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How To Manage Fatigue

Exercise (And Fatigue)

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While fatigue can produce the instinct not to exercise, researchers have found that exercise can counter the effects of disease or treatment related fatigue. Exercise also have the following benefits: decreases anxiety, helps promote better sleep and helps maintain muscle function. Without exercise, the body can quickly lose muscle mass, function, cardio ability, stamina and strength. 

Even mild exercise such as walking several times a week can help reduce fatigue.

A few tips that other people have found to be helpful:

  • The key to appropriate exercise is consistency. Set a schedule which fjocuses on those periods of the day when you feel most energetic. Do your best to keep to it.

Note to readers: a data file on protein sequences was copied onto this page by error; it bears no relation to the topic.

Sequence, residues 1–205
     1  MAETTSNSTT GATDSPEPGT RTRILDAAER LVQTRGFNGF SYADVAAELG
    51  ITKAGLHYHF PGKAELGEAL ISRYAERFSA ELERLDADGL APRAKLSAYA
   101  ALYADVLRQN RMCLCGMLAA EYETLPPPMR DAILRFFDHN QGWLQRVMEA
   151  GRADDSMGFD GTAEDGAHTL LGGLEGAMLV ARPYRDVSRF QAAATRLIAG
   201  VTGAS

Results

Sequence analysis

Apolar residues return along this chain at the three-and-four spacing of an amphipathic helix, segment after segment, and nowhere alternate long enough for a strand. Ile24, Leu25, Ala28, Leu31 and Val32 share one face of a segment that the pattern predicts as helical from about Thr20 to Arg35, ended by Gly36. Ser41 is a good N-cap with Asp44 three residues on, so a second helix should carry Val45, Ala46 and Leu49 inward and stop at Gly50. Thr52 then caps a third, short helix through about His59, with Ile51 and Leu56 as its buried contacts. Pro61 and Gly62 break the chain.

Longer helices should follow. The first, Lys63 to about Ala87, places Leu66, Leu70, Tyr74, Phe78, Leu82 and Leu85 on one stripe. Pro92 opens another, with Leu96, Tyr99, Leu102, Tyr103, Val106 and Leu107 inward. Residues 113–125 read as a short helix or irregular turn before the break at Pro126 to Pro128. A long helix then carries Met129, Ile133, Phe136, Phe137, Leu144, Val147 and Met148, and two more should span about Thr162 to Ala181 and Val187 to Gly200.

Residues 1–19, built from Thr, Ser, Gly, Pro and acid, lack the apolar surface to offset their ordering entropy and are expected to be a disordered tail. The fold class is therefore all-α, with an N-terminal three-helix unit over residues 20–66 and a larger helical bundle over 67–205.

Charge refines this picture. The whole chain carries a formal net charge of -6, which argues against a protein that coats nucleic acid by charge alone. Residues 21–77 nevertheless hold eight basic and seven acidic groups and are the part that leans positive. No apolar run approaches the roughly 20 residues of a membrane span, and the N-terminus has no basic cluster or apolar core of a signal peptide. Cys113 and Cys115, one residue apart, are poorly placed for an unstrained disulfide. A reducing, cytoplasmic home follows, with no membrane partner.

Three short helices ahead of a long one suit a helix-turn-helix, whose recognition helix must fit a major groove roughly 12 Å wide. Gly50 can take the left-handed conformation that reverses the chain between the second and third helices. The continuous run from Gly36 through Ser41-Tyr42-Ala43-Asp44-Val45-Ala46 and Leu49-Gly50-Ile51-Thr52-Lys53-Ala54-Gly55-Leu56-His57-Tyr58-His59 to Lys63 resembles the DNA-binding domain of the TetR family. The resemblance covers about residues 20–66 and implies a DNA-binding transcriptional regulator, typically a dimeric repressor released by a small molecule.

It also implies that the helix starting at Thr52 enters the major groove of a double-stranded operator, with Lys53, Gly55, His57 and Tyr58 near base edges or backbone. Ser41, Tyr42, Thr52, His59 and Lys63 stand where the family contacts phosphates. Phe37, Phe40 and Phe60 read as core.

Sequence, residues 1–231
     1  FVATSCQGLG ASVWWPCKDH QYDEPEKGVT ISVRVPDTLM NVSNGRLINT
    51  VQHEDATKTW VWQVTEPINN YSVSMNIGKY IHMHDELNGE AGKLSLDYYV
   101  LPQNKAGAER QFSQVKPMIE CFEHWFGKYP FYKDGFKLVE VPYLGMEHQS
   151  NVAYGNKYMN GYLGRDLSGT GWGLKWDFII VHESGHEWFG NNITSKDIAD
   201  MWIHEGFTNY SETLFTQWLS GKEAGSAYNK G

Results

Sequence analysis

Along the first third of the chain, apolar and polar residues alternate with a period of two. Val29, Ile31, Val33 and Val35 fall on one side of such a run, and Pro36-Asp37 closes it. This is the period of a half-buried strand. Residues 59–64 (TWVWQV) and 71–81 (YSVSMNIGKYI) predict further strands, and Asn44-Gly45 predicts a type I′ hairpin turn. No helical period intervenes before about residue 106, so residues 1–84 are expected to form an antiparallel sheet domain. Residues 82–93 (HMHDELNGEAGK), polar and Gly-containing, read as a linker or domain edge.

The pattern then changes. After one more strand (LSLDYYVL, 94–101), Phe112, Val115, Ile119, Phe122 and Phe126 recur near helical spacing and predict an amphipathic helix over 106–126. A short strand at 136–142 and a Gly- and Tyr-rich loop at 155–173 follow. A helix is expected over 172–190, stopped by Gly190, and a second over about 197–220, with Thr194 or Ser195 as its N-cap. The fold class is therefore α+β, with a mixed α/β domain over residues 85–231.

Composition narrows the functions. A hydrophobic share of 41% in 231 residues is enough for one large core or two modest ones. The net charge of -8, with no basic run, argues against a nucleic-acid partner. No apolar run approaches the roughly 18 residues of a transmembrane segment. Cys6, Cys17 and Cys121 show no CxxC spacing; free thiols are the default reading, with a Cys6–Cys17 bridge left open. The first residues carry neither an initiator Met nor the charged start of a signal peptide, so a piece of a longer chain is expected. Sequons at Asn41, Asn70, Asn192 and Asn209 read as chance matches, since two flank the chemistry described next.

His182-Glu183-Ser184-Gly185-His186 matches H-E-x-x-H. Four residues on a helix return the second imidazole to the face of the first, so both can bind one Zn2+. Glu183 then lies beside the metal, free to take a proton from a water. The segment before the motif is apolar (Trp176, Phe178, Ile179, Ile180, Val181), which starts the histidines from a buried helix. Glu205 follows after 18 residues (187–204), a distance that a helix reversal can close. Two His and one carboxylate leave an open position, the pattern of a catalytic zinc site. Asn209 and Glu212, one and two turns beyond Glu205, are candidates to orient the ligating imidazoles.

• Keep a diary. Keeping track of your exercise and successes at keeping on schedule will help motivate you.
  • Exercising with a partner makes you more accountable. 
  • Listen to music or watch tv/a video. It makes exercise more fun and can distract you. 
  • Avoid mirrors if possible. There is a tendency to focus on our negative parts.

Consider locating a trainer who is experienced helping people with disease related fatigue to help design and get you started on an individualized exercise program. Modifications can be made as your health status changes.

Discuss physical exercise with your doctor before you start exercising or before you increase what you are doing.

For additional information about exercise, click here.


  • If you are considering water based exercise, you do not need equipment or even know how to swim. Some programs involve just walking in the water, floating or movement exercises.  The water provides both resistance and buoyancy. 
  • If ou are undergoing radiation therapy, it is not advisable to go into a pool. Chlorine may irritate irradiated skin.
  • If you have a PICC line, catheter or feeding tube, it is best not to go into a pool to avoid infections.

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